The mother of all debt traps

2023 年 09 月 12 日   閱讀量:15.55萬+

Written by

HO, Chi-Ping, Patrick



Image source: Internet

Ever since the launching of the Belt and Road Initiative (BRI) in 2013, the west has been mud-slinging this Initiative as Chinese “debt trap” for the recipient countries along the Belt and Road region. However, China has another perspective on the meaning of “debt trap.” For Beijing, the mother of all debt traps is the United States of America.

For years, much of China’s enormous trade surpluses with the United States— the very same ones the Trump administration wants to eliminate—were ploughed back into the U.S. economy though the acquisition of U.S. Treasuries. In 2008, as part of its response to the financial crisis, China surpassed Japan as America’s number one debt owner. In 2019, the People’s Bank of China owned roughly $1.1 trillion in U.S. Treasuries and another $300 to $400 billion in debt of government sponsored enterprises like Fannie Mae and Freddie Mac. Add to this, U.S. debt held by China via subsidiaries in places like Hong Kong and Belgium and the total amount was well over $1.5 trillion—roughly one quarter of total U.S. foreign debt. Roughly half of China’s $3 trillion foreign exchange reserves were invested in U.S. Treasuries. But while Washington has identified Beijing as public enemy number one, as U.S. debt grows, Washington is also so confident in China’s insatiable appetite for its debt that it expected China to buy more and more of it.


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In recent years, China has been undergoing an intense internal debate about what to do with America’s debt. Beijing is not likely to dump its Treasuries as Russia has recently done. This would be self-defeating. After all, its economy is still closely intertwined with America’s, and with roughly over $700 billion a year of bilateral trade on the line. And even if it were in China’s interest to do so, it would not be possible for Beijing to find a buyer for such a huge amount of U.S. Treasuries unless it offered them at a heavy discount. But the debate is not about dumping the treasuries China already owns. It is about the wisdom of rolling over those that mature. Contrary to what Yellen has hoped and wished, currently China has not a scintilla of appetite for increasing its current holdings to the levels needed to meet the steadily growing U.S. fiscal needs. In fact, since the beginning of the trade war in 2018, its holding of U.S. bonds has been steadily declining to a mere 835 billion today.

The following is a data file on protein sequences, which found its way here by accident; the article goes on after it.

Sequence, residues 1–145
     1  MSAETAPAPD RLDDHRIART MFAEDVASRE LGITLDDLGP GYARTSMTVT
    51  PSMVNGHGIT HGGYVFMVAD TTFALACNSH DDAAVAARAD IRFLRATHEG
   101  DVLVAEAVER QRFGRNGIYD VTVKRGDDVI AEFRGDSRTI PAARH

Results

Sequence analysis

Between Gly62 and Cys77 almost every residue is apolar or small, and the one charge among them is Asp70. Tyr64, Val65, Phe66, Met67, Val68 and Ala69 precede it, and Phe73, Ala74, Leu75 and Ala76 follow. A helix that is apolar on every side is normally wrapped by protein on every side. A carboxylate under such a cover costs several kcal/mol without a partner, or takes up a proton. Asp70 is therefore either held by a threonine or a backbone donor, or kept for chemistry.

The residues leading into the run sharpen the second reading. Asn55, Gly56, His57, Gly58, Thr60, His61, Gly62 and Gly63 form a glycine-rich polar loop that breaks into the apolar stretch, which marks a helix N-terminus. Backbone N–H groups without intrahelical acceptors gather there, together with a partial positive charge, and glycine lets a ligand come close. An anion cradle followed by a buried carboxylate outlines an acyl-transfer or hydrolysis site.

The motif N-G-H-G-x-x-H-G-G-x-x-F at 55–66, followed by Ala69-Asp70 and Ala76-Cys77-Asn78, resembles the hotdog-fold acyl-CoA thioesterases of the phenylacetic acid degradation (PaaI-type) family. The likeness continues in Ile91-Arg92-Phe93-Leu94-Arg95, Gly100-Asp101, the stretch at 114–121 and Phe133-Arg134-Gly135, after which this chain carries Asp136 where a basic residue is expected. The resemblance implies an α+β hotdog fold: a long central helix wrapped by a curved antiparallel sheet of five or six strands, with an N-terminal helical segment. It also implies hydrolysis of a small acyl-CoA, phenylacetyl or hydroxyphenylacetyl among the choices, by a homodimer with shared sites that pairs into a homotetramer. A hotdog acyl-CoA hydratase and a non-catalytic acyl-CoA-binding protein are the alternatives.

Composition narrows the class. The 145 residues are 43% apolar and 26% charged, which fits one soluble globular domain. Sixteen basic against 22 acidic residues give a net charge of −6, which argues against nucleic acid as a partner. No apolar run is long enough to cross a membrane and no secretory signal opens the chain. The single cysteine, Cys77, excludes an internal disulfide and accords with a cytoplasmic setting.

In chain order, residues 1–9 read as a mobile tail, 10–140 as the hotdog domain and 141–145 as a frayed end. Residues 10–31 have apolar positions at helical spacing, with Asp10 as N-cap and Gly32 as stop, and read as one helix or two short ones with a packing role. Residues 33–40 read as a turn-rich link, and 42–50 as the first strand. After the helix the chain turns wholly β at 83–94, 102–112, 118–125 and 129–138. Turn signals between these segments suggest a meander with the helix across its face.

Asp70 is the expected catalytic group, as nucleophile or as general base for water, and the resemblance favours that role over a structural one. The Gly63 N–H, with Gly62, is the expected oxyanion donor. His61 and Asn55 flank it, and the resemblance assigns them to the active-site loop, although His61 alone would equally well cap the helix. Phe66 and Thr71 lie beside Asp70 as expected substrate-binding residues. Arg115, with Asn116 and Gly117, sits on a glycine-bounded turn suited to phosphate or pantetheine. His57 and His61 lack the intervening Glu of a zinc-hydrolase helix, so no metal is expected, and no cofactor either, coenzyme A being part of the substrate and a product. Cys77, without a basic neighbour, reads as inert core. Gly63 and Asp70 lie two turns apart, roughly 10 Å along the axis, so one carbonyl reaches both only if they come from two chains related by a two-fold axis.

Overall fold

Image source: Internet

To understand China’s dilemma there is no escape from delving into some numbers. U.S. federal debt currently amounts to over $32 trillion. Under the baseline scenario of the Congressional Budget Office (CBO), the U.S. federal deficit is projected to grow between 2018 and 2028 at an average rate of $1.2 trillion a year, adding a total of $12 trillion to the national debt, not to mention the additional easing in 2020 in response to the epidemic. This means the total debt held by the public in 2028 will be projected to reach way over $37 trillion! Over the past 50 years, the annual deficit has averaged 2.9 percent of GDP, but going forward, from 2023 through 2028, it is projected to fluctuate between 4.6 percent and 5.2 percent. It is thus very clear that soon the United States will no longer be able to borrow so easily the amount of money it needs to finance its budgetary obligations. The interest payments would simply become prohibitive. The cost of servicing over $32 trillion of debt would necessarily chip away at education, research, environment protection, infrastructure building, and domestic investments. At the current growth rate of debt, the federal government will have to borrow on average $1.2-1.4 trillion if not more each year.  And the U.S. expects China to increase its holding of U.S. Treasuries by an additional $70 billion every year.


Image source: Internet